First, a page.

Ten men are dressed in orange prison suits,
their hands bound behind their backs,
ten more in black uniforms, faces
swathed in black scarves. Each man
is matched with another, orange, black
orange, black as they march
in sand along the shore of a silent sea.
The men in orange kneel, each black-
clad man standing behind with a knife.
We fear the worst and, in this universe,
the worst happens.
But in that other place, the place
of peace, the men in black drop their knives
and throw their masks into the sand.
They unbind their brothers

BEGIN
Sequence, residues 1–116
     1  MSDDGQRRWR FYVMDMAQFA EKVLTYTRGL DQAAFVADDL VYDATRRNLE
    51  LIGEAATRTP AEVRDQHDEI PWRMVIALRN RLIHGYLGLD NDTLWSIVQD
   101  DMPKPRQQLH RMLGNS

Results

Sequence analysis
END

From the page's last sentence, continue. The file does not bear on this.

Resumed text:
and help them step out of the prison
suits. They shed forever their black
uniforms. Now twenty young men
stand nude in the bright sun.
They turn to the sparkling sea
and run into the water, each man
diving and splashing until he is cool
and refreshed. They help each other
onto the shore and into the shade,
share tea and sugar dates, discuss
their future plans: a marriage, an import-
export business, a wing on the house
for an old parent, for children.
They say: I would like to know more
about you, who are so much like me.